Over the past two decades increased interest has been devoted to developing 'compliant' robotic systems, which incorporate a degree of 'give' or 'softness' into the typical rigid, linked system. In early applications, compliant systems allowed robots to perform force-sensitive tasks such as surface grinding. More recently, interest has grown in developing wearable robots & exoskeletons to enhance strength or restore lost functionality. In developing such systems, designers must face the issues of weight, power consumption, and operator safety.To meet the challenges inherent in these constraints, actuators based upon spring concepts offer a promising solution. Researchers at Arizona State University have developed a 'jack' spring actuator concept which is inherently compliant, energy-conservative, and lightweight. Unlike current actuators, the jack spring actuator can be controlled via multiple methods - end effector position control, end effector 'equilibrium' position control, and end effector force control. Thus, the jack spring actuator can control the structural stiffness (static stiffness), the adjustable stiffness (dynamic stiffness), and actuator position. The jack spring offers lower weight than a traditional lead screw actuator, uses a spring to replace the traditional heavy gearbox, and has the ability to store energy in the spring to drive a load. It can be used in prostheses for rehabilitation or performance enhancement, for motion control and damping, and in a wide variety of other actuation applications.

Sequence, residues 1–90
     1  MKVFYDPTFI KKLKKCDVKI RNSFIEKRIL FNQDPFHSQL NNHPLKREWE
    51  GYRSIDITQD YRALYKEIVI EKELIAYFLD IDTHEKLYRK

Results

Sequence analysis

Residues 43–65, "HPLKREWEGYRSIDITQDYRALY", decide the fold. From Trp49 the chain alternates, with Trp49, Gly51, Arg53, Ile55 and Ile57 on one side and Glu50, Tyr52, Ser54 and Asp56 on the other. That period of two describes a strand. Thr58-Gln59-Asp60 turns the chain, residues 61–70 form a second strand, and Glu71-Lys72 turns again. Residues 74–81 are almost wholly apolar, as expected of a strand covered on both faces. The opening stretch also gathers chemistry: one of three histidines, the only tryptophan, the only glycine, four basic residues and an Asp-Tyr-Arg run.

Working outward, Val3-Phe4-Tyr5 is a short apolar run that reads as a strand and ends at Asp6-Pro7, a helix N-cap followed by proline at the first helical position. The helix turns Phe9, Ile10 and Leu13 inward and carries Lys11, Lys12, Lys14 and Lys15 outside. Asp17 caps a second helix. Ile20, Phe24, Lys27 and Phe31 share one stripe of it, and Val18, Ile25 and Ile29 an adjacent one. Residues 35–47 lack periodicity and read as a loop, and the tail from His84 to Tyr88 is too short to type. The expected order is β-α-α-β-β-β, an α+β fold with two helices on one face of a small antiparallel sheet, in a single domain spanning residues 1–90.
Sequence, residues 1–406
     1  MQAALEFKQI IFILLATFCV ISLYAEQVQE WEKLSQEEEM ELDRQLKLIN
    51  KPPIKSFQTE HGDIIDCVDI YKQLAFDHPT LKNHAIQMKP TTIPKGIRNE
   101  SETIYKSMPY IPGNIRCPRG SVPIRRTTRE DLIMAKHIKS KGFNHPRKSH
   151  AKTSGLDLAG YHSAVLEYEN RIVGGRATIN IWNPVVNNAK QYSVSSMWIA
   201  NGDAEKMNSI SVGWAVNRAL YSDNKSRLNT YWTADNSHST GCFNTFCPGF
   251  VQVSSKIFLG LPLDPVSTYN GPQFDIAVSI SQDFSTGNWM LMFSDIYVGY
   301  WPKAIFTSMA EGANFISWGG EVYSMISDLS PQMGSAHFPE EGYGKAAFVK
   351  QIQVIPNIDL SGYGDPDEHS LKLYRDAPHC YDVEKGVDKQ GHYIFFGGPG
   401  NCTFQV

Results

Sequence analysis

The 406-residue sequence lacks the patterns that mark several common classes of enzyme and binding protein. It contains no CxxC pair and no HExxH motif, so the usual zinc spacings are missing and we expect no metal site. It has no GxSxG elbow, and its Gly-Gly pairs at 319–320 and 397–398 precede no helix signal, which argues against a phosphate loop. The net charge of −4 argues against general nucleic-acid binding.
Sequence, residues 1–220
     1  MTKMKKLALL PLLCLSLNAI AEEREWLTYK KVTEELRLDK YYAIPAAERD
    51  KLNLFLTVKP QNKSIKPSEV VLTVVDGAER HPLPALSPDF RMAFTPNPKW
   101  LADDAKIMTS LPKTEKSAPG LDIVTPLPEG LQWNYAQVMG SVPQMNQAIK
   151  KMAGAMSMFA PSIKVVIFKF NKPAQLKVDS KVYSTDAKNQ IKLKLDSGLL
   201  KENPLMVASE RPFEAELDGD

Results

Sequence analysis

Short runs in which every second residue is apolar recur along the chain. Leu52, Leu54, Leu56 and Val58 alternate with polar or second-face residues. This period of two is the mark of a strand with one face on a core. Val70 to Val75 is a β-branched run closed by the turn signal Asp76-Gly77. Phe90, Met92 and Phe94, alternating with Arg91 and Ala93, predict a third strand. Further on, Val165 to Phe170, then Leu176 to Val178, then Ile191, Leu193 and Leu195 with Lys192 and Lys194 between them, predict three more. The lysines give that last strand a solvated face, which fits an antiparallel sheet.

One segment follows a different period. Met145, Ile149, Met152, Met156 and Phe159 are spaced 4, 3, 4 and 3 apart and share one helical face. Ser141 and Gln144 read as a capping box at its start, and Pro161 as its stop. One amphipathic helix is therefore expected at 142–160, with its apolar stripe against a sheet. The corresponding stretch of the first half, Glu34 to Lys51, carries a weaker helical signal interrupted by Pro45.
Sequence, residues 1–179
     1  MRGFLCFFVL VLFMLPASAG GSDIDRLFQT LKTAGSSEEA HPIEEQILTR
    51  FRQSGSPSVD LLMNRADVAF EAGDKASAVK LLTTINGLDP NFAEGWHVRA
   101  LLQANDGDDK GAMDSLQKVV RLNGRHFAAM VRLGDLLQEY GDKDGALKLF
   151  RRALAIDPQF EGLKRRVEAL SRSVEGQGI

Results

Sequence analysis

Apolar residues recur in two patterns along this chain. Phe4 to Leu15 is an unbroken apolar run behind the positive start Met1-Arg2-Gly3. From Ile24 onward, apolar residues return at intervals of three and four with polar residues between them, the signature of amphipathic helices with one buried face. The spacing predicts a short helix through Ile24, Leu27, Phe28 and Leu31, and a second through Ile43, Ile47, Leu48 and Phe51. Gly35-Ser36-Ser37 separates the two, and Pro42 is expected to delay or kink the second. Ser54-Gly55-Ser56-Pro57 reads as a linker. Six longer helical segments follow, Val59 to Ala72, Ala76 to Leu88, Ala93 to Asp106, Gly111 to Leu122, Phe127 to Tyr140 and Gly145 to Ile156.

|Original language||English (US)|
|State||Published - Aug 19 2004|